11 Ways to Kill Your Credibility as a Presenter

Public Speaking - Microphone

During a three day conference in London I had the opportunity to watch and listen to some incredibly charismatic and engaging presenters. Amongst them all, however, there was one presenter that stood out for all the wrong reasons and she has inspired this post. (As a female speaker with a mission to help more women present at conferences and events, I was disappointed it was a woman committing these presentation crimes!)

So what did this particular presenter do that led me to leave the room part way through her presentation because I felt my time was better spent in the foyer watching paint dry?

Here’s a quick overview:

  1. No clarity – she rambled from one thought to the next, often not even completing a sentence before moving onto another point without finishing the first.
  2. No structure – as above, she had no clear beginning, middle or end and left the audience confused about what exactly she was trying to say.
  3. No signposts – given the lack of clarity or structure, there was also no signposting so the audience had no idea what part of the speech she was up to and where she was going with it next.
  4. Didn’t deliver on promises – she made a bold promise at the beginning of her presentation that the audience would have extraordinary clarity on their business direction at the end of it; I just had a headache and confusion!
  5. Didn’t understand her audience – she was speaking to a room full of experts in their field, yet she shared basic information that most would have already known whilst trying to give the impression that what she was sharing was going to revolutionise their business and life.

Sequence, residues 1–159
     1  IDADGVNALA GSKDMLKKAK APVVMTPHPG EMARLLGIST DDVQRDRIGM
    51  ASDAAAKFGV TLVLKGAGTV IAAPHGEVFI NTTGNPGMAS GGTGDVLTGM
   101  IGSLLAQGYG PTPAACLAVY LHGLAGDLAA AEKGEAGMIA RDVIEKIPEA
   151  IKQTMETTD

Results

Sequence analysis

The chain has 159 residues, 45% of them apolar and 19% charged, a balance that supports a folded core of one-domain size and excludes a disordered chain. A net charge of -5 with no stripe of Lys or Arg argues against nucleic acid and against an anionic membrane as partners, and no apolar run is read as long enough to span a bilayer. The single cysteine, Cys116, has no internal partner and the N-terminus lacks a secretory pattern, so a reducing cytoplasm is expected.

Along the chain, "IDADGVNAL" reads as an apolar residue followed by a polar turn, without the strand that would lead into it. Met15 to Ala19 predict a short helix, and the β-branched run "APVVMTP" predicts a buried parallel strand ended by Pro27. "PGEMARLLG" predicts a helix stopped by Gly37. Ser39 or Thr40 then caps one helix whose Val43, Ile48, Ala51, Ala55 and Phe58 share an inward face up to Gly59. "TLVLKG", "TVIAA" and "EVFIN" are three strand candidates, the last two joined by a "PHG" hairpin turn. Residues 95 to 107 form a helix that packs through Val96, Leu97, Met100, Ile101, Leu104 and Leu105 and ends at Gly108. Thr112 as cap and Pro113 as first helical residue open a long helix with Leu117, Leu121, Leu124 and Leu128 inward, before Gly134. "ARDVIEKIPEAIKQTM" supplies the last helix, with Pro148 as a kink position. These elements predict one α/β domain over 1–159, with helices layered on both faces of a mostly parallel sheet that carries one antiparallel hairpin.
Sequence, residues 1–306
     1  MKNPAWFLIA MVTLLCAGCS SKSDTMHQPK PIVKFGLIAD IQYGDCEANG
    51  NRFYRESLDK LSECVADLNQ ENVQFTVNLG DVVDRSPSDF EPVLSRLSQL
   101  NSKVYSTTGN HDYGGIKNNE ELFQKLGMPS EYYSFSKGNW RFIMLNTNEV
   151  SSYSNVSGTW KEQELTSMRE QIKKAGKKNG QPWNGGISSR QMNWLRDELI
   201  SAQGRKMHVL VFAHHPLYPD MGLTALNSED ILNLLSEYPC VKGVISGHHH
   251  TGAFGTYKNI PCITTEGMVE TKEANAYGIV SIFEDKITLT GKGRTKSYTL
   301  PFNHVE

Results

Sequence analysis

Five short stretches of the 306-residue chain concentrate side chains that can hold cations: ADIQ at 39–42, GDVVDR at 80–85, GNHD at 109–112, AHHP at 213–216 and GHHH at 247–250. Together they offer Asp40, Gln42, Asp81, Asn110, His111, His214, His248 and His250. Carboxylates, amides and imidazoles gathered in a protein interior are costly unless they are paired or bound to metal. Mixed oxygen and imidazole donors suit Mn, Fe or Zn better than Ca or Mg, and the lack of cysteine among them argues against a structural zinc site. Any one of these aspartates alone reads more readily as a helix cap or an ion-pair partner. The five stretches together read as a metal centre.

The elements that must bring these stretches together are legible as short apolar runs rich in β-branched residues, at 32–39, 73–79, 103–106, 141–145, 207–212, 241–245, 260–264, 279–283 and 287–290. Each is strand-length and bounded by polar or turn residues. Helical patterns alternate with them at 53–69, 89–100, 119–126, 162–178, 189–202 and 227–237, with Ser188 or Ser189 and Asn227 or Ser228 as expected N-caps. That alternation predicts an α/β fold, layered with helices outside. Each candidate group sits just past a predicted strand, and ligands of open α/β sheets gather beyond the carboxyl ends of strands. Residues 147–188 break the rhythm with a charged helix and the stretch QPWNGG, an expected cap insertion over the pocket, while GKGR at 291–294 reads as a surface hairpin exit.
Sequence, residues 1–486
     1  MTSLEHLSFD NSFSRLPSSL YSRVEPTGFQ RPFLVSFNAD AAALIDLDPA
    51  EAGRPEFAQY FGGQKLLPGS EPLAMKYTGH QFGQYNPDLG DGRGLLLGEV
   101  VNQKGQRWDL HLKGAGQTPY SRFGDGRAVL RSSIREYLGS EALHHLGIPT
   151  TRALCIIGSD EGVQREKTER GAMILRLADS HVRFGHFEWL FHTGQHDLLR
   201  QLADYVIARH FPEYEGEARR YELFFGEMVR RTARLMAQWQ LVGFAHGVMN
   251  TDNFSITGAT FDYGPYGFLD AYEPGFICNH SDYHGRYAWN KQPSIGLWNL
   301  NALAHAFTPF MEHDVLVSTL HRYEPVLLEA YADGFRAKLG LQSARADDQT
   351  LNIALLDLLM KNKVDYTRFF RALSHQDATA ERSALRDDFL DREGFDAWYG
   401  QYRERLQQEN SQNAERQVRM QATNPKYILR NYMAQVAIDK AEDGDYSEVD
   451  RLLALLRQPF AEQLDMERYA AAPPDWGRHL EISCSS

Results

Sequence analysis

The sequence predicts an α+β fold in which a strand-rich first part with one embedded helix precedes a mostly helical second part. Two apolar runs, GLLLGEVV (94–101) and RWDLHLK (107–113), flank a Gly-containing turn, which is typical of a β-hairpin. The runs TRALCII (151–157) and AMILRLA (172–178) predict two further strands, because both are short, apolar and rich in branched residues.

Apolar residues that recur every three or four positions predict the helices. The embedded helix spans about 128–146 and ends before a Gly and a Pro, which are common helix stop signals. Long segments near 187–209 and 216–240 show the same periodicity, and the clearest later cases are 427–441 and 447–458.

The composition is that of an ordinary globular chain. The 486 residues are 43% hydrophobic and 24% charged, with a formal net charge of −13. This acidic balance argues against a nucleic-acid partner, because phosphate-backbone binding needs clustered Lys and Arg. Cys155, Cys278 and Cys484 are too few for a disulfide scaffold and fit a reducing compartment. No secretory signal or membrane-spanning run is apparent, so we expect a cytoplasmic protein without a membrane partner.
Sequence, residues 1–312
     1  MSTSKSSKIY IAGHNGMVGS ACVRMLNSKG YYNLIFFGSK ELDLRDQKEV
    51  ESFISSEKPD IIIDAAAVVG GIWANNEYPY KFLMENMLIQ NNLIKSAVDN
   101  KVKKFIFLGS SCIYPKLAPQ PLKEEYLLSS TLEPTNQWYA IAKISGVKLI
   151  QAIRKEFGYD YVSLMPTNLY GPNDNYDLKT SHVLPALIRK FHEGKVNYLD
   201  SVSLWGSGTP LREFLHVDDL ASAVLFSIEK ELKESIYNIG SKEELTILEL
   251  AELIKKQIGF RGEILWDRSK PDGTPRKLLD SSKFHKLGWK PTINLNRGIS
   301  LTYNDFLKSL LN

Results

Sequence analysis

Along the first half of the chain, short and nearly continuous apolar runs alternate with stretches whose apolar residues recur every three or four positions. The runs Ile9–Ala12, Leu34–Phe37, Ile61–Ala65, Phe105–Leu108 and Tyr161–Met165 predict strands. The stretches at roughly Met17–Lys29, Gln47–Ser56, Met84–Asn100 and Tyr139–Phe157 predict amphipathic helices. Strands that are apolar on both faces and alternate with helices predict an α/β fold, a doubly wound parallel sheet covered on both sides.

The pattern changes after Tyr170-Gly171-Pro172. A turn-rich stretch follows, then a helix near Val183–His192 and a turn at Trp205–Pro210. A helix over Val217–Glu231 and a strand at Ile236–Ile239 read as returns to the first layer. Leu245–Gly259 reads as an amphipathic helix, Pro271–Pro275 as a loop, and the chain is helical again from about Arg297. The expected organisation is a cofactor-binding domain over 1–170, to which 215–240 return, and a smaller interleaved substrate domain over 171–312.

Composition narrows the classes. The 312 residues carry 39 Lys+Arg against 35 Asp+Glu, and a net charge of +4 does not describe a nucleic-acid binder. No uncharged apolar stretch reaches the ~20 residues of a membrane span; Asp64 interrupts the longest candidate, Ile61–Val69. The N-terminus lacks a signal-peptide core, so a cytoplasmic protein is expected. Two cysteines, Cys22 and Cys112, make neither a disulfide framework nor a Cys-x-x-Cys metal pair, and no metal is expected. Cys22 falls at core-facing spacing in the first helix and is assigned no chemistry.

6. Inability to remember – she didn’t use notes and as she lurched from one random thought to the next, asked different members of the audience to remind her of what she promised to come back to. Then didn’t remember who she had asked!
  7. Didn’t know how to use technology – despite being the first speaker of the day with plenty of time to prepare, she hadn’t practiced using the technology so had to ask how to use it during her speech.
  8. Dreadful slides – the slides were boring, poorly designed and contained some inferior quality, out of focus images (she kept forgetting to advance the slides so they weren’t very useful anyway!)
  9. Revealed the presenting techniques she was trying but failing to use – she had clearly learned about the value of stage anchoring for different parts of her message but was thinking this through out loud and including statements like ‘Oh, this is a good part of the story, I should be standing over here now’ rather than smoothly and expertly incorporating the technique without it being obvious to the audience.
  10. Tacked on an offer to work with her at the end – after killing her credibility for about an hour and a half she then spent another twenty minutes telling us about how we could work with her and what a great deal it was.